Even though the script was frothy parade banter, I still wrote the host dialogue "in character," including little rants for Regis. He appreciated that because he doesn't usually work with a script.

The left facing pages contained the "fun facts." I wrote 52 pages of them for the first parade I worked on so they would be fresh.

There were two hosts because they had to work in tandem. One watched the street (or monitor) and called out what he/she was seeing, while the other read the corresponding "fun fact" about that particular float or detail.

We've also seen Macy's in person and it does get very cold but what an amazing experience it is. You don't see everything you can see on TV but it's worth doing at least once.

SharoneRosen said...

I love a parade! Love the Macy's Parade from the cheesy opening number to the frozen dancers to the snow covered Sousaphones!

I never miss it! And on New Year's day, the Rose Parade runs non-stop in my house.

Strike up the band!

Mary Stella said...

I miss watching the Mummers' Parade on television on New Year's Day. It went on forever with the different categories... clowns, fancies, string bands, etc. The costumes were spectacular; the rivalries between clubs strong, legendary, but good-natured. Plus, you knew that before long 80% of the paraders were roaring drunk but they still managed to do the Mummers' Strut in those huge costumes -- even when blown around Broad Street by gale force winds.

thirteen said...

NBC's coverage is awful. This morning, the (terrible! awful!) scripting never matched the video, and I began to wonder if the anchors were viewing the live video and we were getting a ten-second delay. They always seemed to be that far behind. And that narration, holy crap. I used to write for radio and I know how to make people sound natural, and how not to. NBC has no frickin' idea how to do it. The anchors sounded like robots.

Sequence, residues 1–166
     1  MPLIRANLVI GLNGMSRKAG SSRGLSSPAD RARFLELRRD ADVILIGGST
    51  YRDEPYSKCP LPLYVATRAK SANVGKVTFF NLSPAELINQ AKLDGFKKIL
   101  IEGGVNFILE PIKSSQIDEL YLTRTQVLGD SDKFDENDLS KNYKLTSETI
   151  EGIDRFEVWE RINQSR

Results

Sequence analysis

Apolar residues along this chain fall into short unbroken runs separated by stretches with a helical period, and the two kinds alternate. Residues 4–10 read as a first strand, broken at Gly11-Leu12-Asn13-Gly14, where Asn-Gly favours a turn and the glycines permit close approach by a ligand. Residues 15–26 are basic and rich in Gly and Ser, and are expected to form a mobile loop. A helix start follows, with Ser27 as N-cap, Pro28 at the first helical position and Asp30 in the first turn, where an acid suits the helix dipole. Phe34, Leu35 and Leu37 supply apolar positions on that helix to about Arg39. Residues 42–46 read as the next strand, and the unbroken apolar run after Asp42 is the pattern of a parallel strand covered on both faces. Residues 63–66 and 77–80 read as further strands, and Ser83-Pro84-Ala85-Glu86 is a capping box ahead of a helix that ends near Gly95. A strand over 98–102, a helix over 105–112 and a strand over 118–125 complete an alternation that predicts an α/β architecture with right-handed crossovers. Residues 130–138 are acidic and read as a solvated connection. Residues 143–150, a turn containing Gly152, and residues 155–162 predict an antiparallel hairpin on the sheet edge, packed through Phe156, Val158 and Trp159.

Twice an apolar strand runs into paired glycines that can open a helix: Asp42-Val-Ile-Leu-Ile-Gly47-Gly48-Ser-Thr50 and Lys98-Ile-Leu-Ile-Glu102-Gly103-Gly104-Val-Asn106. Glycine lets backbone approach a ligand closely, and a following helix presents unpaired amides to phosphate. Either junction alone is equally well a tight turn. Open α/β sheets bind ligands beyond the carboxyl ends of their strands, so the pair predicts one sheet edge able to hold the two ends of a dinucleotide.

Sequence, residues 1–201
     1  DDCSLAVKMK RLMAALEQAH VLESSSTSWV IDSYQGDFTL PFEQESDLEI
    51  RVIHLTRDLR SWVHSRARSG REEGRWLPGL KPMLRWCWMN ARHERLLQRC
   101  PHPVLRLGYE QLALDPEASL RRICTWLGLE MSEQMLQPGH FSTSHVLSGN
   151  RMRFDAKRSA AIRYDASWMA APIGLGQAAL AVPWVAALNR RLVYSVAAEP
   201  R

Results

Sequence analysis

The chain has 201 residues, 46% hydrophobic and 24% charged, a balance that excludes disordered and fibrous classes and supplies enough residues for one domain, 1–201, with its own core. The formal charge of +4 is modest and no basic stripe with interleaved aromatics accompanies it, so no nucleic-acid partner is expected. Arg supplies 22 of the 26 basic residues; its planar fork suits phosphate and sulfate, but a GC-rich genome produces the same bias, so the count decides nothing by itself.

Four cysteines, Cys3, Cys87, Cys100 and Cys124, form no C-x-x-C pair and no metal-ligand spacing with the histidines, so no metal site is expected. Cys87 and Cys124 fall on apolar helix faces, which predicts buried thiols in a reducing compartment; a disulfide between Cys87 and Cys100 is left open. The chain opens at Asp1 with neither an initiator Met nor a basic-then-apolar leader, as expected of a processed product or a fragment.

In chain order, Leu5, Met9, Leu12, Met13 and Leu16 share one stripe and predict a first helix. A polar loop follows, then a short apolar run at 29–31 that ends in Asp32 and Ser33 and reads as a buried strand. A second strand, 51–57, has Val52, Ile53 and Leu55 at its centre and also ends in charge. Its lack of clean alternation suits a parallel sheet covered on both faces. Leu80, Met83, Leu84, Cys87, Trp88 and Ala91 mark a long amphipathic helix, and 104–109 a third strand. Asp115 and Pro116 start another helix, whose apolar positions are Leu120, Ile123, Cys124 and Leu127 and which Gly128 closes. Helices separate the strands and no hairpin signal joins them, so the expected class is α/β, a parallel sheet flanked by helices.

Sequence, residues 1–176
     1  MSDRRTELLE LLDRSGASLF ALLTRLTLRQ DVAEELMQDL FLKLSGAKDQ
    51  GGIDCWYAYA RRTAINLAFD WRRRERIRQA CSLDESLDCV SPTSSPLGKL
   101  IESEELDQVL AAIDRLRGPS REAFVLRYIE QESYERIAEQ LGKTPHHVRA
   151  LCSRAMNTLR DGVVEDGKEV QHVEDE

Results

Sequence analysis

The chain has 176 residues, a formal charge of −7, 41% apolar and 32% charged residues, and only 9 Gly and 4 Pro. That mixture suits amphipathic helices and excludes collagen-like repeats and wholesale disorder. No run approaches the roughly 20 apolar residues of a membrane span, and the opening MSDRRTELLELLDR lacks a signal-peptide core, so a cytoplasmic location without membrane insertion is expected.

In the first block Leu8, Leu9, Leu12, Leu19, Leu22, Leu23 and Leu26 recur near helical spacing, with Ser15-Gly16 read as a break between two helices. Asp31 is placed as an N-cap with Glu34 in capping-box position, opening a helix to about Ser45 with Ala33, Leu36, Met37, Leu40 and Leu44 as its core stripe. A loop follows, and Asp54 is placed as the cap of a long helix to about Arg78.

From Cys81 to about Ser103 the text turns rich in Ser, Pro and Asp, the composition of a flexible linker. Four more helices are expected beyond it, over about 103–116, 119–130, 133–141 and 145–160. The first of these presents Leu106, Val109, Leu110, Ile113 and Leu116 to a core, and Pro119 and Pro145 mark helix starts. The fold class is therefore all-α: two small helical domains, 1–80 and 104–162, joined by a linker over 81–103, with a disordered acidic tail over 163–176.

I enjoy CBS's coverage. They're stationed about twenty blocks north of Herald Square and cover the parade as a public news event. There's nothing NBC can do about it. Also, CBS buys a huge billboard in Herald Square for its Victoria's Secret holiday special every year. It's at the corner of 34th and Sixth, and it's in every shot of the floats, balloons and Miss Auto-Tune of the Year rounding the corner onto 34th.

I grew up in New York and didn't leave until I was almost 40, and I never went to the parade. It's not that big a deal unless you're a tourist. It was kinda fun to watch all the high school band members swarming midtown and taking in the sights, though.

Happy Thanksgiving, everyone.